We’ve finally heard the verdict on Jeremy Clarkson, and speculation is already rife as to what will ‘become’ of the BBC presenter.
Will his career hit an unstoppable decline?
Will all hope of future broadcast opportunities disappear in a puff of smoke?
Or will this apparent ‘negative PR’ incident actually be the momentum for a new career era and resurgence in his professional life?
The ultimate answer will only become clear in the coming weeks, but it’s worth looking at just how many brands and individuals have come back stronger and more triumphant after a seemingly disastrous – or even just an imperfect – time in their journey.
Of course, no-one recommends the courting of deliberately negative press attention and dire PR commentary, but there’s certainly something hopeful in that so many businesses who suffer knocks and setbacks subsequently rally and find even more effective momentum and energy on their way to a future success.
Take Toyota. Back in 2010 the company had to recall millions of vehicles because of defects which had ultimately caused deaths to drivers and passengers.
You couldn’t get much worse for a motor company in terms of a potential crisis communications scenario.
Truth be told, the company actually showed pretty appalling crisis management at the time, and its senior team seemed to be running for the hills in the early days while PRs were sent trying to dampen the fire with journalists and convince them not to run too harsh a tale of the brand.
Eventually, Toyota got its act together and realised its approach simply hadn’t been good enough. It rallied and re-emerged in terms of its communication strategy.
This presented itself in the form of marketing and advertising efforts reiterating resiliency, a desire to ‘put things right’, and sincere communication to its customers.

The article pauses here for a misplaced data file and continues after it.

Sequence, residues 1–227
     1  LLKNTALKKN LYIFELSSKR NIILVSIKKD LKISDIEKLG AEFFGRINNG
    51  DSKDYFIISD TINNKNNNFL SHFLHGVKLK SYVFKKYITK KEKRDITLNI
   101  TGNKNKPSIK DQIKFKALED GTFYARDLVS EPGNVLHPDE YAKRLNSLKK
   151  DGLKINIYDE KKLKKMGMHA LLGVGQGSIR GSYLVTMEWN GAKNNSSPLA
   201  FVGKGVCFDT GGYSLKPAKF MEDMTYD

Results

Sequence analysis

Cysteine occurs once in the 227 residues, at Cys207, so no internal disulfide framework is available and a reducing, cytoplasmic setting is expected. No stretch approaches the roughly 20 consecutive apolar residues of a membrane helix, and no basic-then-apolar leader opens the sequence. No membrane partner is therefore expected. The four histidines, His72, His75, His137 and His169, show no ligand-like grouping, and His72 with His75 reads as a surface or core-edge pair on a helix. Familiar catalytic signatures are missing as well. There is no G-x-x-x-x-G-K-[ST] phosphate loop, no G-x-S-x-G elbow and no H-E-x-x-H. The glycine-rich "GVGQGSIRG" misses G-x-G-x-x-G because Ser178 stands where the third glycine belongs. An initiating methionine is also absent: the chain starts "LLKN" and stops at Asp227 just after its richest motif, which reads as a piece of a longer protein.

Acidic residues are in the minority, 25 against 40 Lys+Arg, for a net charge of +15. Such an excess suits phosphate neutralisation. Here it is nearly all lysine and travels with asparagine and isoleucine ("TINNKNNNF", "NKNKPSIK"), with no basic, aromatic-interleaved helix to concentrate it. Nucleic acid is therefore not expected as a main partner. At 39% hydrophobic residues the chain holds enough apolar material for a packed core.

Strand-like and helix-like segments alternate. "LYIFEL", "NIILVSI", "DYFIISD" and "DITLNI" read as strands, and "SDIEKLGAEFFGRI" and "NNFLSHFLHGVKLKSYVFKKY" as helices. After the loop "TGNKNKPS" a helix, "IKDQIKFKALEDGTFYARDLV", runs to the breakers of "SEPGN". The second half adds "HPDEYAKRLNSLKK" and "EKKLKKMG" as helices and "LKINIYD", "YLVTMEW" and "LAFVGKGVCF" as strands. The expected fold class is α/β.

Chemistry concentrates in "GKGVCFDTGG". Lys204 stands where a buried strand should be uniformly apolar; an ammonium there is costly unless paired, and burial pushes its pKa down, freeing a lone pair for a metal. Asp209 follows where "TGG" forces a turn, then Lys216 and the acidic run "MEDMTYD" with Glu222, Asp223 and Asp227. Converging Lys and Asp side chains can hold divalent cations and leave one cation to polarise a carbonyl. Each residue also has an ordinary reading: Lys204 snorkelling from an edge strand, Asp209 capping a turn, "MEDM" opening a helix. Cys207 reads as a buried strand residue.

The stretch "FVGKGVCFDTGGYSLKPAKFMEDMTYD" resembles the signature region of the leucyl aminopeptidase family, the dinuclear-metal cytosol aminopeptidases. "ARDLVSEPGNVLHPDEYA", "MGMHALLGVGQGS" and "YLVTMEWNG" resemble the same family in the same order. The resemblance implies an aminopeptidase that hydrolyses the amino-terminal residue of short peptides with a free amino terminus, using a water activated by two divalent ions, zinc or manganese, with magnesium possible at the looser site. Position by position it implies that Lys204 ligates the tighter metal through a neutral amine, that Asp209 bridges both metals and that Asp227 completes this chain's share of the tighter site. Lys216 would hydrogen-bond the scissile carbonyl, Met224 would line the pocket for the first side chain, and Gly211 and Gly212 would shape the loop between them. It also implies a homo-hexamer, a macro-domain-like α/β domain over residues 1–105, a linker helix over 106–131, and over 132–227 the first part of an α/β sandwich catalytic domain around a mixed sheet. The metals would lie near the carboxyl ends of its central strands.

The approach worked. They attracted positive reaction and a return in customer confidence because they’d learned from the failing and determined to up their game.
Likewise, look at individuals who’ve taken a pretty undeniably savage time because of the way they’ve acted out in public and allowed their PR persona to be portrayed.
Chris Evans is one of those. At one point the press were loving slating his wayward acts and apparent ‘fall from grace’. What did Chris do? Did he shy away and disappear to a watering hole somewhere to see out his days as ‘the forgotten broadcast star’?
Of course not. He took a long hard look at how he was being portrayed, used it as ammunition to reposition himself, and today he’s one of the known personalities who’s odds on favourite for the Clarkson job and is pulling in huge ratings figures at Radio 2.
So while not a single PR guru would suggest that a disastrous period in the press is a terrific thing for a brand or individual, it certainly doesn’t mark the end.
As they say, it’s not what happens to you in life – but how you handle it!
In the meantime, here’s a few others who’ve faced some form of rejection, disappointment or disaster, and bounced back to greater success.
Want to know more about crisis communications, handling a PR issue or making the best future communications strategy? E-mail firstname.lastname@example.org